The seroprevalence measured by the presence of HI H5 antibodies in the studied population was <30% for all the sampling campaigns. This immunity level is below the targeted vaccination coverage following a bi-annual mass vaccination campaign and the previous estimates made in Vietnam (i.e. >80%) [29]. Several factors may contribute and explain this low immunity level:

  1. (1) The high population turnover in poultry production systems does not allow the vaccination of all birds with a bi-annual vaccination campaign. Moreover, farmers' reports reveal lower vaccination coverage for samplings between the main vaccination campaigns (Fig. 2). This is mainly due to the low frequency of vaccination sessions on meat birds which are produced within a period of 2–3 months and are usually not vaccinated between vaccination campaigns (Fig. 3).

  2. (2) Different causes of preventable failures [30], such as problems with the cold chain that could have a direct consequence on the effect of the vaccine (vaccines are transported on motorbikes), or incorrect injection techniques or incorrect dosages that could lead to birds not receiving the appropriate amount of antigen. Existence of vaccination failures is supported by a within-flock immunity level below the expected target seroprevalence or herd immunity threshold (60–80%) needed in a vaccinated flock to prevent an outbreak [31, 32]. On the other hand, the greater technical capacity of farmers in vaccination implementation may lead to less frequent preventable vaccine failures. Indeed, in ducks, we found that larger flocks had a higher proportion of HI-positive responders than smaller flocks. But this observation may also be explained by problems of vaccine quality delivered for small flocks since one vaccine bottle containing about 500 doses is used to inoculate several small flocks over a few days.

  3. (3) Inappropriate vaccination protocols leading to low or no immunological response. The importance for vaccine immunogenicity of the number of doses and age of the bird at the time of vaccination was confirmed in our study for chickens and ducks (zero-inflated models), respectively, on the probability of seroconversion or on the mean HI titres for seroconverted ducks [33]. This confirms previous reports on the need to increase vaccine doses to induce protective immune response in ducks [25]. We also observed a fall in antibody levels at 1–2 months post-vaccination (see Supplementary online material) that might also be explained by inappropriate vaccination protocols used in the field (see Supplementary online material for presentation of the vaccination protocols as described by the commune veterinarians).

  4. (4) Farming management which may influence effective immunization by this vaccine. We found a lower mean HI titre in scavenging chickens than in seroconverted chickens kept in a closed building all day (Table 3). For those birds, possibly subjected to higher microbial pressure than birds in a closed building, the vaccine-specific immune responses may have suffered from competition [20, 34]. We also found that large flock size negatively influenced the mean HI titre of vaccinated ducks. More intensive management practices for the largest flocks may induce more stress for the birds and, as a consequence, a lower level of immunological response.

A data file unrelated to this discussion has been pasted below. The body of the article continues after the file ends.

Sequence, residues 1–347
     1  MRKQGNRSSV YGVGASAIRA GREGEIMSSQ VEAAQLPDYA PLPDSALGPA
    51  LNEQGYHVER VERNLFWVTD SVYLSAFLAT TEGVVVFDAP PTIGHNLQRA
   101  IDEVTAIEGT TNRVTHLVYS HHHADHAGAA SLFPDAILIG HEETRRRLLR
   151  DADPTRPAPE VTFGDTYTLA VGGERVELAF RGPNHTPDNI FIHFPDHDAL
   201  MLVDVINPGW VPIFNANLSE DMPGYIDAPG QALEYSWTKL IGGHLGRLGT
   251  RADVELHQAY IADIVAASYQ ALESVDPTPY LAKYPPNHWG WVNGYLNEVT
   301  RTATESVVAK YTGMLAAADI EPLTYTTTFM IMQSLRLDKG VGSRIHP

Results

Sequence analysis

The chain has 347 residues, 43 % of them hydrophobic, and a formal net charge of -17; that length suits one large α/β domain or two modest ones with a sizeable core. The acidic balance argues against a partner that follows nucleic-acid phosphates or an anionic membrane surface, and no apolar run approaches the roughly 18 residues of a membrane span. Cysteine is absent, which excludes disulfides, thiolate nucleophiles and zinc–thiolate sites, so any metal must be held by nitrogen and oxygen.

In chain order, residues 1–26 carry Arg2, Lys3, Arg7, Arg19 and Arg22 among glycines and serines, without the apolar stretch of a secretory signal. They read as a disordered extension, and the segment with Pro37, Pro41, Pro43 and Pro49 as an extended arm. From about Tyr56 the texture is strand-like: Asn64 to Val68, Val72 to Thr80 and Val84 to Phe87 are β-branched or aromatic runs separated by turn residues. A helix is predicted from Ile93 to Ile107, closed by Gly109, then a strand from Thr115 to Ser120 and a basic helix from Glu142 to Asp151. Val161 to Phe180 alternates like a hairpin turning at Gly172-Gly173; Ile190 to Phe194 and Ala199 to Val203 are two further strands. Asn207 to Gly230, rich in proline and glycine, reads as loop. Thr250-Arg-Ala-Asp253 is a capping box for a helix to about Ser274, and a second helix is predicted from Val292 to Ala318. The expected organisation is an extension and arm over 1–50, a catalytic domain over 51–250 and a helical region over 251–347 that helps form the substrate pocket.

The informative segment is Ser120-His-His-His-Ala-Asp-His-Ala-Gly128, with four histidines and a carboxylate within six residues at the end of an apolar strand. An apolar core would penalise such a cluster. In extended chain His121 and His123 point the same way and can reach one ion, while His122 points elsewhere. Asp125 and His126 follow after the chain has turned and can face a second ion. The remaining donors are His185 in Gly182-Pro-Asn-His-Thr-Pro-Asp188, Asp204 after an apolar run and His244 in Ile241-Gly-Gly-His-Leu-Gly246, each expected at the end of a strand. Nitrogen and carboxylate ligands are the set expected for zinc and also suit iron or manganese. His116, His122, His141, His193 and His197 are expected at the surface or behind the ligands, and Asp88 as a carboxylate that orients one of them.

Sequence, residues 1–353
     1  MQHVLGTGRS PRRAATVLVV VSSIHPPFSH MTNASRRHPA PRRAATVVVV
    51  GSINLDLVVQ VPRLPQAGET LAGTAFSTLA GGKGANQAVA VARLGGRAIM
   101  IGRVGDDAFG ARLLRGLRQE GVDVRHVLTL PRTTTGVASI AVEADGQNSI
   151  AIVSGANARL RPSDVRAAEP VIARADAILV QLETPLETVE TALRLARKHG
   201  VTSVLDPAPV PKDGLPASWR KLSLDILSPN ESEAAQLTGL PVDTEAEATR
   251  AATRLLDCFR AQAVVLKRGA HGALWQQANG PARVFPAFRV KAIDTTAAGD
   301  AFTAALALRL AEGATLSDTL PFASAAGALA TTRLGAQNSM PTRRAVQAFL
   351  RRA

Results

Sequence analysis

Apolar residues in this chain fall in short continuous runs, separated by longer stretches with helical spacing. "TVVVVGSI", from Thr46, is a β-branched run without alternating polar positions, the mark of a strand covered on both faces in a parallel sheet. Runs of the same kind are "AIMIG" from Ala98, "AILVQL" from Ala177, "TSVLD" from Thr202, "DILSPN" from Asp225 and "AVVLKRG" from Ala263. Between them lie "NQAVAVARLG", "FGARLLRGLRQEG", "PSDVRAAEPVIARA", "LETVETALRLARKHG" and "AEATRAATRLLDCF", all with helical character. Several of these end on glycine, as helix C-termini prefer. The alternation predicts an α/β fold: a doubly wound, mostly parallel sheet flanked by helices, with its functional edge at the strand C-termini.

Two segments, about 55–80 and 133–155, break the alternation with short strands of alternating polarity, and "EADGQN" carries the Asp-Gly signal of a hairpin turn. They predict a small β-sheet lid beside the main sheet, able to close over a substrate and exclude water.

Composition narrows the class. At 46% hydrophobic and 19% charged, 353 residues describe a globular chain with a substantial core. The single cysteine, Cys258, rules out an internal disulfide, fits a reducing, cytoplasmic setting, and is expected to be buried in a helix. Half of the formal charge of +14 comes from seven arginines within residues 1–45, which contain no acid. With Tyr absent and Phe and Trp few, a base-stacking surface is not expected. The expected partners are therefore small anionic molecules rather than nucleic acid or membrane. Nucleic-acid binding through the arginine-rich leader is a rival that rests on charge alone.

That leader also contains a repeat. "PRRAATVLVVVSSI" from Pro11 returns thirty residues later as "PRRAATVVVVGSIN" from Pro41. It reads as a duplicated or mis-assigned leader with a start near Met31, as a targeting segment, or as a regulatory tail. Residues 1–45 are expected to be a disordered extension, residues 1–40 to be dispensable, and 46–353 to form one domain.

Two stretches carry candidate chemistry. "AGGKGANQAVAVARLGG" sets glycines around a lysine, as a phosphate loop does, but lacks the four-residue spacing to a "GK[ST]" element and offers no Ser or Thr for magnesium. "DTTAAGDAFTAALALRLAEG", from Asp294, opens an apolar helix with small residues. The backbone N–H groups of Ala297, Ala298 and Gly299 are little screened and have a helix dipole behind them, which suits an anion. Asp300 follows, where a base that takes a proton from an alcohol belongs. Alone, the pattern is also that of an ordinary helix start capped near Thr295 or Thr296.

Limits of the vaccination strategy in preventing virus circulation in the domestic poultry population

Suspect positive results for H5 by PCR testing were found in only two unvaccinated duck flocks. Those results do not exclude the possibility of H5N1 virus circulation in vaccinated birds but indicate that this circulation is probably at a low level. According to the virus titres shed in H5N1-infected unvaccinated chickens and ducks from various experimental studies (at least 102 EID50/0·1 ml of virus) [35, 36] it is likely that a swab from one infected unvaccinated bird in a pool of swabs from 2 to 3 birds would still give a positive RT–PCR result. However, the virological results may have been biased by the short excretion window of the virus since viral excretion in birds vaccinated with Re-1 vaccine may be as short as 3 days post-challenge [35]. On the other hand, we have detected strong H5 PCR-positive pools from healthy unvaccinated ducks, confirming again the potential role of H5N1 virus reservoirs in waterfowl [37, 38] and providing evidence of failure in the indirect protection of the unvaccinated population with such a mass-vaccination strategy. Finally, this low virological prevalence measured on random samples at the farm level is in accord with another study conducted in the southern part of Vietnam a year before [39].